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Mind the Mine

   “If you didn’t grow it, you mined it,” I’ve heard said.  Many countries of the world heavily depend on mineral extraction to keep their economies afloat.  Brazil, the locale for this blog, is no exception.  Iron ore is Brazil’s leading export. Brazil ranks third in the world in this regard, just behind China and Australia.  Multinational Vale S.A. dominates Brazil’s diversified metal industry. Vale S.A. holds about half of Samarco S.A., an iron ore extraction company.

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Furious Fiords

Who doesn’t marvel at those wonderful travel pictures of the fiords of Norway?  Waterfalls, quaint houses perched on green slopes, snowy glaciers far above and likely, a cruise ship sailing far below.  

 One hesitates to sully this image with negative mentions, but steep-sided fiords do present a real and present danger in the form of rockfalls and rockfall-generated waves. “Fiord tsunami” I call the latter, however some find this liguistic mixture ludicrous as ‘lutefisk sushi’.

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Future Fuji

I recently read a web article entitled “Ten Major Natural Disasters Predicted in the Near Future” …

…and I saw Japan’s Mt. Fuji listed as Number 6. 

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Smoke Stream

Most people have heard of the Jet Stream -- those high-speed "rivers of air" several miles up in the sky.  True, our exposure to it amounts largely to seeing a long wavy arrow on the newspaper’s weather map or hearing it blamed by the lady on the Six O'clock News for extended wet or dry spells. Frequent airplane travelers might hold responsible the Jet Stream for taking longer to fly from New York to San Francisco than from San Francisco to New York.

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Muddy Waters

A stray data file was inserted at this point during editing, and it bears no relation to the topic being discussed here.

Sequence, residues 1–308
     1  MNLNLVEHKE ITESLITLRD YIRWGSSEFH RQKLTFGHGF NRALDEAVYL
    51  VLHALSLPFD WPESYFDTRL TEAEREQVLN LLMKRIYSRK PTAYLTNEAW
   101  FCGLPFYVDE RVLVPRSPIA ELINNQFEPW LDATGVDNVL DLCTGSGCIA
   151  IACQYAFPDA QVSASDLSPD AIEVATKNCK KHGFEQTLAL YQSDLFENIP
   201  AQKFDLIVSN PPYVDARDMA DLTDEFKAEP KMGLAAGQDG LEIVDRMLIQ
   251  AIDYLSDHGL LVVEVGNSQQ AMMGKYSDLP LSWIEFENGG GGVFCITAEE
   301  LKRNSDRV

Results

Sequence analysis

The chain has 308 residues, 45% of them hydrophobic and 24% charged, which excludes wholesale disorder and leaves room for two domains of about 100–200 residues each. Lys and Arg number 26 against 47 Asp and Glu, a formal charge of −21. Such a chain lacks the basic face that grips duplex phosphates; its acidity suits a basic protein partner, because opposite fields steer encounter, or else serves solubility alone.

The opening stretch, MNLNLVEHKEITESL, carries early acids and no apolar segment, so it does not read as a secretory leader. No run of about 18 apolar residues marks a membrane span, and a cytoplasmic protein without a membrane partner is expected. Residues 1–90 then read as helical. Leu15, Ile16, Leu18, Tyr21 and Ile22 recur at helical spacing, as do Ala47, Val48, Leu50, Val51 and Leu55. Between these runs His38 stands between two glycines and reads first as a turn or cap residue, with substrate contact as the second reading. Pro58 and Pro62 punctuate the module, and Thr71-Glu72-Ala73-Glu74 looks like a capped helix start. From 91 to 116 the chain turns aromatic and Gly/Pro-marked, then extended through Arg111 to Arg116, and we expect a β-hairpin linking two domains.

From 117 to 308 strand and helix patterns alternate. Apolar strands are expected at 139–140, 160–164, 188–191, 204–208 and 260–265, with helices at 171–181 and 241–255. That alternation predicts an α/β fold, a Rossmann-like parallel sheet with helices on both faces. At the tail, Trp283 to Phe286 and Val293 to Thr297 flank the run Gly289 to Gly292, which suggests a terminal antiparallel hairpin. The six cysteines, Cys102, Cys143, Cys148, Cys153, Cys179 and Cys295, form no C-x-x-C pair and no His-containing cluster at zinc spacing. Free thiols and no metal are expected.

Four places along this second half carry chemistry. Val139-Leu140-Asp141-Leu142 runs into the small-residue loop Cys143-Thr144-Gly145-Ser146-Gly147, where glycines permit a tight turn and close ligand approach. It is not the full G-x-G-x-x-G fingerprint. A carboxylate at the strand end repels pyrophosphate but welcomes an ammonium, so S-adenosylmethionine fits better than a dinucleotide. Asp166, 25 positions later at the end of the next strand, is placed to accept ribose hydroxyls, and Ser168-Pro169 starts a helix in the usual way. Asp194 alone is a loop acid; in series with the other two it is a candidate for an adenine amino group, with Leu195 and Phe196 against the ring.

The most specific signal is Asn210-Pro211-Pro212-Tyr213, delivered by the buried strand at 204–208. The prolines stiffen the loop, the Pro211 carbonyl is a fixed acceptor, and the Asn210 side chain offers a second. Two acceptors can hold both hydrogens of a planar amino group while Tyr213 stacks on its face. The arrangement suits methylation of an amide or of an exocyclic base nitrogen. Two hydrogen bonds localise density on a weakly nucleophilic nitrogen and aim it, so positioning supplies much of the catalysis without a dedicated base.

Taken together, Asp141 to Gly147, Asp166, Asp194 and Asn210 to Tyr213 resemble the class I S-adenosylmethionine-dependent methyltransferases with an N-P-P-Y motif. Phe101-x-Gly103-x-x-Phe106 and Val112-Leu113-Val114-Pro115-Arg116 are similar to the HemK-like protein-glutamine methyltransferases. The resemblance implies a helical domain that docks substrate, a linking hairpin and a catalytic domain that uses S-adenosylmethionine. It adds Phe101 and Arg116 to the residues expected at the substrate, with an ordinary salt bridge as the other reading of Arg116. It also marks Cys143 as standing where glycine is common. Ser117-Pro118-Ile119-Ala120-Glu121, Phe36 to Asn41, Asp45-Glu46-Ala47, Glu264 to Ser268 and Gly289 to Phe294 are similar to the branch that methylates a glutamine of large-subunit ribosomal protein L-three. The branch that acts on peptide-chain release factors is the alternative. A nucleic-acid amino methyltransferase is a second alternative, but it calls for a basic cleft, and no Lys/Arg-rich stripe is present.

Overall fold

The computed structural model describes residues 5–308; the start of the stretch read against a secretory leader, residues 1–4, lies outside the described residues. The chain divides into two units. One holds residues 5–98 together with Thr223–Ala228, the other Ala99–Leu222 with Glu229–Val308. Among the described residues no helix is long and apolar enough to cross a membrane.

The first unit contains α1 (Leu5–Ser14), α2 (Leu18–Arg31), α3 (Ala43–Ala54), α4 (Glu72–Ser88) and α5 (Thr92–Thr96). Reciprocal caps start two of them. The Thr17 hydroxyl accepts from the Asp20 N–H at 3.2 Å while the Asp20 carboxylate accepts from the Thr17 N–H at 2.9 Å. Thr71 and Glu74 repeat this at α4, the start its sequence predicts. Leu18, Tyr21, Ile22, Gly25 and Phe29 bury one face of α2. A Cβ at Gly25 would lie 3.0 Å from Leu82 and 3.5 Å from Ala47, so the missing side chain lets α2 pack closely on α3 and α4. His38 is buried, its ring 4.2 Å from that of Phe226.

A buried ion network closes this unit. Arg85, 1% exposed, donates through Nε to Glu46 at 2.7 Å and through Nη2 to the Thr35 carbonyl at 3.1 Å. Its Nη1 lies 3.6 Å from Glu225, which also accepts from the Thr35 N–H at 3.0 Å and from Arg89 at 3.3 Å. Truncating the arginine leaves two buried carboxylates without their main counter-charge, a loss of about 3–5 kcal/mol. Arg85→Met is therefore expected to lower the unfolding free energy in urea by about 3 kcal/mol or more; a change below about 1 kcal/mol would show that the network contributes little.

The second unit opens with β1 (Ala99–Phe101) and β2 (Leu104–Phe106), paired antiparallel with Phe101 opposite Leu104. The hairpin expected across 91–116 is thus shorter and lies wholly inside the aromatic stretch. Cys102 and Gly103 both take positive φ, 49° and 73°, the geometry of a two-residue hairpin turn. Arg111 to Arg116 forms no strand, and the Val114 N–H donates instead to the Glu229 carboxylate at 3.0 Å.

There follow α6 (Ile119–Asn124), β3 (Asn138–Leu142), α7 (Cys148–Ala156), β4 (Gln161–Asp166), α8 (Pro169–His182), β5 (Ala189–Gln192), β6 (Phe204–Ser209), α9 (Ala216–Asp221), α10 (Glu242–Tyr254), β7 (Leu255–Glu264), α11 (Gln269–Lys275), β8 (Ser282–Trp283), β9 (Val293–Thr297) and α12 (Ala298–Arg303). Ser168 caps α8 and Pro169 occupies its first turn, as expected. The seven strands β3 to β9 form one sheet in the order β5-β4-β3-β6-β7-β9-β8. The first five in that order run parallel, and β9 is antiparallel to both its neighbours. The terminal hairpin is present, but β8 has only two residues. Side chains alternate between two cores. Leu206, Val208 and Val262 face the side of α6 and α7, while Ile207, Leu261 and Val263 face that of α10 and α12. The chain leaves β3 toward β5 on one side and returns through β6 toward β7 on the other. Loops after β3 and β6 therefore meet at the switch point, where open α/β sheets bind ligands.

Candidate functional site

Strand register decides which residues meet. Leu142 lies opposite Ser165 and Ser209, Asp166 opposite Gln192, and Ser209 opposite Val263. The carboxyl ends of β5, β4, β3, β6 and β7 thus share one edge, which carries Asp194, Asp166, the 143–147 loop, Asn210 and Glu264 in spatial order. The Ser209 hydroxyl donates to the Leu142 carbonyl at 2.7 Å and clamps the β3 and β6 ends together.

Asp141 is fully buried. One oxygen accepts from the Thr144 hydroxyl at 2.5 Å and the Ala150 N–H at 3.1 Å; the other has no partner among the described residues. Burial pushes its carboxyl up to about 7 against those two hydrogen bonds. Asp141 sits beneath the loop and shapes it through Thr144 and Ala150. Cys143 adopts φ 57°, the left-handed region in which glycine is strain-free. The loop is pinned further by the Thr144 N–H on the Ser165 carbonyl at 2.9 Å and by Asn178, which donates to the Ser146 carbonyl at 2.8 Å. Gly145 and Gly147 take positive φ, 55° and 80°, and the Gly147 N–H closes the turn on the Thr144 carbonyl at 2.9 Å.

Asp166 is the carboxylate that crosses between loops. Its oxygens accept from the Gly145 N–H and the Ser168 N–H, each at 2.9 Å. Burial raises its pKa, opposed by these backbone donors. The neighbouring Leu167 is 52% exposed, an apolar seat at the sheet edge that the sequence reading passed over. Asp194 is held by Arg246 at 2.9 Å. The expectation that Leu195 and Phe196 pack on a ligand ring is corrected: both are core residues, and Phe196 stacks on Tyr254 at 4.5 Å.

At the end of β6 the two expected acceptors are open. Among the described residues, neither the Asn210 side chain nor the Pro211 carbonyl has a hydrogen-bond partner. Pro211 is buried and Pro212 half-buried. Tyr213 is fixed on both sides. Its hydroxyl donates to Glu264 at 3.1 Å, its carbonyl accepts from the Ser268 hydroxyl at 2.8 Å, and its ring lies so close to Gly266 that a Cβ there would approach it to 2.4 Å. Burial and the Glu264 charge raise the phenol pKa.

Do you know Muddy Waters?  He was a famous Blues Musician, largely of Chicago in the 1940’s and 1950’s, but finishing strong through the 1970’s.  “Hoochie Coochie Man” and “I’ve Got My Mojo Working” his hand penned. 

For today’s blog,  Muddy’s song  -- Rollin’ and Tumblin’ --  might best fit.

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The Shimabara Disaster

In August 1791, the twelfth California Mission was established in my town of Santa Cruz. Why bring this up? Well, the very next year hosts today’s topic, The Shimabara Disaster. Let’s set the date on the “way back machine” at 1792; the place – Shimabara Peninsula, southern Kyushu, Japan. 

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Hurricane Gonzalo: A Fabian Redo?

As I write this, hurricane Gonzalo is 150 miles SSW of Bermuda. Its winds have weakened a bit to 125 MPH with a central pressure of 947 mb.  It appears to be shaping up similar to hurricane Fabian in 2003.  Fabian passed Bermuda with sustained winds of 115 MPH and a central pressure of 950 mb.

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Acqua Alta All Over Again

Yogi Berra, the pithy catcher for the New York Yankees, once quipped “It’s like Déjà vu all over again.”  Today’s story might rightly seem like “Déjà blog all over again.”

In two earlier entries

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Montecello-Berryessa Dam

I’ve blogged here many times about dam breaks, both real and hypothetical. Three of the best known ones in America were the Johnstown Flood of 1889, the Saint Francis Dam failure of 1928 and the Teton Dam collapse of 1976. Those disasters released 16 million, 45 million and 330 million cubic meters of water respectively.

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Bad Day Fishin’

It is said that  “A bad day of fishing is better than a good day of work”.  I won’t argue, but if you were trolling for trout at Chehalis Lake, British Columbia on December 4, 2007, you’d have had a bad day. Chehalis Lake, 50 miles east of Vancouver is a lovely spot nestled in the mountains. Prior to that date, it was known mostly to fisher folk and 4 wheel drive enthusiasts.


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